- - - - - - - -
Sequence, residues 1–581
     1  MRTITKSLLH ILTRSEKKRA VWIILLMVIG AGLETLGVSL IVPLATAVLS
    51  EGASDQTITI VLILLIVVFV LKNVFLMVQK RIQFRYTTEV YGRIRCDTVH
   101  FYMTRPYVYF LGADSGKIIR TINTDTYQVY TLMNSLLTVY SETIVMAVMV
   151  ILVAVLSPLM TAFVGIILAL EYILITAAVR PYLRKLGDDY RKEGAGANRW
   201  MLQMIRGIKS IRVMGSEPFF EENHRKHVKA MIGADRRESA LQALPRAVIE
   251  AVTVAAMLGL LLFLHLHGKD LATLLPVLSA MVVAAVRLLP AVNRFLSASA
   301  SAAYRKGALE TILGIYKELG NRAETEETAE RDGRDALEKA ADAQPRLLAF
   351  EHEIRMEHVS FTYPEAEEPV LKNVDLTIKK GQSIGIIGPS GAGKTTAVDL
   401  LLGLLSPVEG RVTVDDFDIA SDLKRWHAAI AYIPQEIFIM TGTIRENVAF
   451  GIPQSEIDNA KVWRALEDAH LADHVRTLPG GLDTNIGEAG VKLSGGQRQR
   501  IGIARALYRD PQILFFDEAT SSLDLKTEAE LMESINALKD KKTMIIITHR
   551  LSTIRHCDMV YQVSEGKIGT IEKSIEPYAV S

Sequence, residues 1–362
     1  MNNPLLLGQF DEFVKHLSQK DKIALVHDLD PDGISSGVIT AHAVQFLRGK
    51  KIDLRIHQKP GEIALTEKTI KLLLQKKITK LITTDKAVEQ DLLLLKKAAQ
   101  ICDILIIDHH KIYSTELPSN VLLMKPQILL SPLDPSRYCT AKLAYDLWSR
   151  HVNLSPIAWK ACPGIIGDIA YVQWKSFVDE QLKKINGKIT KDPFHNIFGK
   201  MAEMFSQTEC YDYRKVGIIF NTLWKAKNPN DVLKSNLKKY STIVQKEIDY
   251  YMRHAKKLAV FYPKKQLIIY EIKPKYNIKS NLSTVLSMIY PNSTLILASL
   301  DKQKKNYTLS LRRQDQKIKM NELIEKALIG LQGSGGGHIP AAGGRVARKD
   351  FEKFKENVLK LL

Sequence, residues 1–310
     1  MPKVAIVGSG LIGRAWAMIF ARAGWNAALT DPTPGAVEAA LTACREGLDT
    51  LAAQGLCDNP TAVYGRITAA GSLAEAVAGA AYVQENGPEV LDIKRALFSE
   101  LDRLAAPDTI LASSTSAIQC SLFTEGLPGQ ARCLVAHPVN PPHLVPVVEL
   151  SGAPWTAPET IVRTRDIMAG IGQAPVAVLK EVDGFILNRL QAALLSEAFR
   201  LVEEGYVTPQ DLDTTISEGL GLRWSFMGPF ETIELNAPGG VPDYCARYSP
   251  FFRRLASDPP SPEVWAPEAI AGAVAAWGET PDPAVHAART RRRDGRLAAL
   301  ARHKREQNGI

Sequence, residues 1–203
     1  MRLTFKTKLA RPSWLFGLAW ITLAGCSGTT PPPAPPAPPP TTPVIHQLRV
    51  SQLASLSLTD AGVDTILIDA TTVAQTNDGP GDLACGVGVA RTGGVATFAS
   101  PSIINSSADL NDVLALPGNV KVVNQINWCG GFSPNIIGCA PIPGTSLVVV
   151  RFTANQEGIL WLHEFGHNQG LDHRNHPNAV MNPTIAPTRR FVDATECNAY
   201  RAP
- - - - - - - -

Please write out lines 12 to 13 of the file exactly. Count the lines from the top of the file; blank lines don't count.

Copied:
   501  IGIARALYRD PQILFFDEAT SSLDLKTEAE LMESINALKD KKTMIIITHR
   551  LSTIRHCDMV YQVSEGKIGT IEKSIEPYAV S